Family in German passort row

A COUPLE have criticised the Home Office after being told their fourth, Ipswich-born son is German.Neil Bickers and Amanda Jaeger where stunned when they were told their son Lewis would have to have a German passport, despite him being born in Ipswich Hospital.

A COUPLE have criticised the Home Office after being told their fourth, Ipswich-born son is German.

Neil Bickers and Amanda Jaeger where stunned when they were told their son Lewis would have to have a German passport, despite him being born in Ipswich Hospital.

Miss Jaeger, 29, who spent the first two weeks of her life in Germany but has lived in Britain ever since, has three children who are classed as British citizens.

However, a change in UK law, and the fact the couple are not married, meant Lewis, now two years old, had to adopt the nationality where his mother was born.


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Miss Jaeger was born in Paderborn, Germany, so Lewis is now classed as German with a German passport.

She said: "The passport law has changed and I think it is ridiculous. I have been in England since I was two weeks old. Lewis has never been to Germany and will probably never go.

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"It really upset me and was totally unnecessary to divide my family up. How do you explain why three of my boys are British citizens and one is German?"

The problems started when the family was planning to go to Atlanta last June for a two-week holiday.

The couple applied for Lewis's passport six weeks before travelling, but a week ahead of their holiday were told he could not have a British passport. It meant they had to go to the German Embassy in London to make him a German citizen before they could go to America.

Miss Jaeger, who lives with her partner in Coronation Road, Ipswich, said it felt like they had committed a crime by getting British passports for the other three boys, aged eight, six and five.

"When I was told, I thought I was breaking the law. The bureaucracy feels like we have been committing a crime.

"I pay my National Insurance and claim British benefits but I cannot get British nationality for my child."

Emma Jennions, an information officer for the Home Office, said: "Since October 2, 2000, a child being born in the UK will not automatically be a British citizen if born out of wedlock.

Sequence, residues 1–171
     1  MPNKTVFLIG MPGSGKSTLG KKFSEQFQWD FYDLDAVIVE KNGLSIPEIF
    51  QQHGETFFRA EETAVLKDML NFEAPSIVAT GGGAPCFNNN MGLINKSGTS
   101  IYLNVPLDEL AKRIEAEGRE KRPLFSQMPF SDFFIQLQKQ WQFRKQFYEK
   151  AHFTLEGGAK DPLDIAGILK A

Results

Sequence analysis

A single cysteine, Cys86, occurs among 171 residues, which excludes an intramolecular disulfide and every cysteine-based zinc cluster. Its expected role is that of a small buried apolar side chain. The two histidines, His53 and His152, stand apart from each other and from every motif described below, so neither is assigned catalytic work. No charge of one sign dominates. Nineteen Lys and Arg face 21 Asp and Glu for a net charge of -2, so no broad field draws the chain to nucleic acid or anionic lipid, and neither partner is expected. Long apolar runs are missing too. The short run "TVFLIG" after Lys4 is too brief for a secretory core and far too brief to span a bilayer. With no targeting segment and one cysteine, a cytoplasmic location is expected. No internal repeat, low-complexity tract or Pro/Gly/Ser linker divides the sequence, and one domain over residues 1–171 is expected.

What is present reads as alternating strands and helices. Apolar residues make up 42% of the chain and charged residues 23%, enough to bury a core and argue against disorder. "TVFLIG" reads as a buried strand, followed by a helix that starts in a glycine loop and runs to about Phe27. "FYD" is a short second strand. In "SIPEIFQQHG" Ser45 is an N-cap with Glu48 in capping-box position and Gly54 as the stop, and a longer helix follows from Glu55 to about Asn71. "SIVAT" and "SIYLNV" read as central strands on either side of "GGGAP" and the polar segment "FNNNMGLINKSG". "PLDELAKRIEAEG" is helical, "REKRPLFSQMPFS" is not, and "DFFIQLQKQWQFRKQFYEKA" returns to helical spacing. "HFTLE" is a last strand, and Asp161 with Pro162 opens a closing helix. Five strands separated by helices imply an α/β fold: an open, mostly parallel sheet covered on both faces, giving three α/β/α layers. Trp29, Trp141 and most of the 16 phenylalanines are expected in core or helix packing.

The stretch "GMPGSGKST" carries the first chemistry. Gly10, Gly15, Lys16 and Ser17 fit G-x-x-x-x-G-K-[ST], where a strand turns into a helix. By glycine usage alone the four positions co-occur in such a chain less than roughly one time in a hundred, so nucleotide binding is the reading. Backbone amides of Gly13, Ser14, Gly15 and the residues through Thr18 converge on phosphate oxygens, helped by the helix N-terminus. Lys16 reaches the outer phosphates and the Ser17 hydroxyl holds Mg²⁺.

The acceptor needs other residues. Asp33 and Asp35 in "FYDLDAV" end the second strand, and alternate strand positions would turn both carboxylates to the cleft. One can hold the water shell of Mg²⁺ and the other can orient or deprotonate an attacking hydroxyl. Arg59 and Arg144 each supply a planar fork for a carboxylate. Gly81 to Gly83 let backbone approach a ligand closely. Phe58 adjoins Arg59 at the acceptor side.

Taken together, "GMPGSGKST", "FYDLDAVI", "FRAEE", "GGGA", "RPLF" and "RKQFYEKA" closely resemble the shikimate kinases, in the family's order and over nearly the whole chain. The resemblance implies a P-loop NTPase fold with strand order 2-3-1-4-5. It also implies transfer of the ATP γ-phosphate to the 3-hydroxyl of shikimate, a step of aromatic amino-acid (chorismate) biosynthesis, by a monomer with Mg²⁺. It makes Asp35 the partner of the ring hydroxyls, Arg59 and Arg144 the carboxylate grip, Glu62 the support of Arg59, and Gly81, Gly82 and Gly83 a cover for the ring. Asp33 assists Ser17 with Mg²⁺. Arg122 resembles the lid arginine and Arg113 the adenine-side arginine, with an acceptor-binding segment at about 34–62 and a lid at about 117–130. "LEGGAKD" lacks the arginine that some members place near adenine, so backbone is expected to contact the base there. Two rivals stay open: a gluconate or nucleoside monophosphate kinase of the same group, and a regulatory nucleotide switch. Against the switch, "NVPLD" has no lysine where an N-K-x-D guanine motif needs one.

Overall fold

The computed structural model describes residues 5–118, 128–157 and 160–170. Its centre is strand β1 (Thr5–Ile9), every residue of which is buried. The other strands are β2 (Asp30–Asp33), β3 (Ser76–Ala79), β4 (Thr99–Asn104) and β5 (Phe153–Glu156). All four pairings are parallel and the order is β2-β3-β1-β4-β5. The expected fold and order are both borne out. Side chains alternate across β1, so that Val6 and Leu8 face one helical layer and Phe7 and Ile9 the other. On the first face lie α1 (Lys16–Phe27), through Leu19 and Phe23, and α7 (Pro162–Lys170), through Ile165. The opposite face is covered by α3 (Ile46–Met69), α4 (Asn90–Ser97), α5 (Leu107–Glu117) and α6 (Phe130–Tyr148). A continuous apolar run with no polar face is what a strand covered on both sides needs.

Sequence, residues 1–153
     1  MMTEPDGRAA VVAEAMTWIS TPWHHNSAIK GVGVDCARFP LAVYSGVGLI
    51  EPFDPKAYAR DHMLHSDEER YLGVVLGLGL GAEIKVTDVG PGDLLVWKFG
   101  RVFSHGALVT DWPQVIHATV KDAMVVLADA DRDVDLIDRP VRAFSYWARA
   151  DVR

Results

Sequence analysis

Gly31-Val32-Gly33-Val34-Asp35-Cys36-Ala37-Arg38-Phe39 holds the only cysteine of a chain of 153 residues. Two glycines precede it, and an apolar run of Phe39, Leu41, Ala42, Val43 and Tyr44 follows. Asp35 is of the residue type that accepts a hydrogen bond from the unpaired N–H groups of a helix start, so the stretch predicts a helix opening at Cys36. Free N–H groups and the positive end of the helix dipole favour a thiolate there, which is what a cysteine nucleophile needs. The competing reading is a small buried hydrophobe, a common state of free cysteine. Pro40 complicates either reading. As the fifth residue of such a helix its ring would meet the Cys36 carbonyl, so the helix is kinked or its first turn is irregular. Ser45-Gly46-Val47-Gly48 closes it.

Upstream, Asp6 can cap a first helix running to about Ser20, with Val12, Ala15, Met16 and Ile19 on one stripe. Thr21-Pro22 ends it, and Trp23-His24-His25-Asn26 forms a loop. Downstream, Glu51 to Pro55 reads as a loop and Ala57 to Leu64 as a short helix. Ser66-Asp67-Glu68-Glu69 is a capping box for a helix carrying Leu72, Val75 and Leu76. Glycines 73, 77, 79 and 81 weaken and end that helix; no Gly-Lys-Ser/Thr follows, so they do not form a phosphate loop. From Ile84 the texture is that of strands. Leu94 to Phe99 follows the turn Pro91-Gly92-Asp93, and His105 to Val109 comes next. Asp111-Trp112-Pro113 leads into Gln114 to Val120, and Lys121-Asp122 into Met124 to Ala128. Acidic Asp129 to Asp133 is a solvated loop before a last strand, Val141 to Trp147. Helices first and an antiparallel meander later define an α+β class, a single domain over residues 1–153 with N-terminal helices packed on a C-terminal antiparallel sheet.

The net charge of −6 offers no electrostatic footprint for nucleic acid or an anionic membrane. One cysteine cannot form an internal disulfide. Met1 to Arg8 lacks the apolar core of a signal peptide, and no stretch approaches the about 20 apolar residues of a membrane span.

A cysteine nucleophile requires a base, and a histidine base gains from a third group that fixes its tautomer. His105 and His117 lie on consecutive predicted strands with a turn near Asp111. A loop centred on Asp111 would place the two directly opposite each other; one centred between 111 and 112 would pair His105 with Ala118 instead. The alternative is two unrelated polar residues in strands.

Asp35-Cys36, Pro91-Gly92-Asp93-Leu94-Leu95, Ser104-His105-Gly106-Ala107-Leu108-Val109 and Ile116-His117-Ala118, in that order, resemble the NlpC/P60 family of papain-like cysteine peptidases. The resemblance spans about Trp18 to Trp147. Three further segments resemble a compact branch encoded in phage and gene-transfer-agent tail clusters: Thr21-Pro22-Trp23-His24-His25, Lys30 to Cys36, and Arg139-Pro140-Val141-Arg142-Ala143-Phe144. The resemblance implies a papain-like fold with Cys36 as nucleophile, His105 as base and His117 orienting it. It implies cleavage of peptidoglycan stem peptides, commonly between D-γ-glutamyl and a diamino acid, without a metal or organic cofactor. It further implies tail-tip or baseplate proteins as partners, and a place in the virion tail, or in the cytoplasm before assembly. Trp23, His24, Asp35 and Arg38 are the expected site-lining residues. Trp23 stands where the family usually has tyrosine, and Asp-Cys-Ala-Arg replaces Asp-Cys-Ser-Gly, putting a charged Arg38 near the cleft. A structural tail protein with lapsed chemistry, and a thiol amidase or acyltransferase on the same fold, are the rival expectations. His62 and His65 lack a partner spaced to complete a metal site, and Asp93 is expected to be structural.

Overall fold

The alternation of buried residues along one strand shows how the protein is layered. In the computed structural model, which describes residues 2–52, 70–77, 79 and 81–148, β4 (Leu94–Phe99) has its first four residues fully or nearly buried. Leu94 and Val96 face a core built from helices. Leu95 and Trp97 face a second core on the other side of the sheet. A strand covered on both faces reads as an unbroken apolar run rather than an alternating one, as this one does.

"We are very sorry there was no notification up to a week before the holiday.

"On straightforward passport applications we aim to take a month to process them but as the child was not confirmed as British then it was not straightforward."

The couple plan to marry next summer, having got engaged on their trip to Atlanta. They would then be able to apply to get Lewis a British passport and he would then have a duel nationality.

In February, Mary Martin, who lives in Trimley St Mary, was nearly deported because of the change in the law when immigration officials discovered she was an American citizen despite living in England for 54 of her 56 years.

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GRANDMOTHER Mary Martin, who was threatened with deportation after immigration officials discovered she was American, has today at last got her passport – but it's not a British one.

Miss Martin has been issued with a document saying she has a right to remain in the UK, but her passport is American.

"Apparently it will cost me £150 to have the papers saying I am a completely naturalised UK citizen, even though I have lived here 54 years, and a UK passport," she said.

"I cannot afford that sort of money. I have already spent £1,000 in fees and expenses fighting my case to stay and I only earn £300 a month.

"But at least I do have a passport now – an American one and a green card. I have no plans to visit America though unless I manage to track down some members of my family."

The Home Office threatened to evict Miss Martin, 55, of Carriage Close, Trimley St Mary, after it was discovered she had been born in America, even though she moved to the UK as a toddler when her parents split up.

But thanks to pressure from government ministers and Suffolk Coastal MP John Gummer she won her battle to stay.

"I would love to trace my family in the States and find out if my father is alive. I don't feel whole – it's as if a part of me is missing, that there is a side to my life that I just don't know about," she said.

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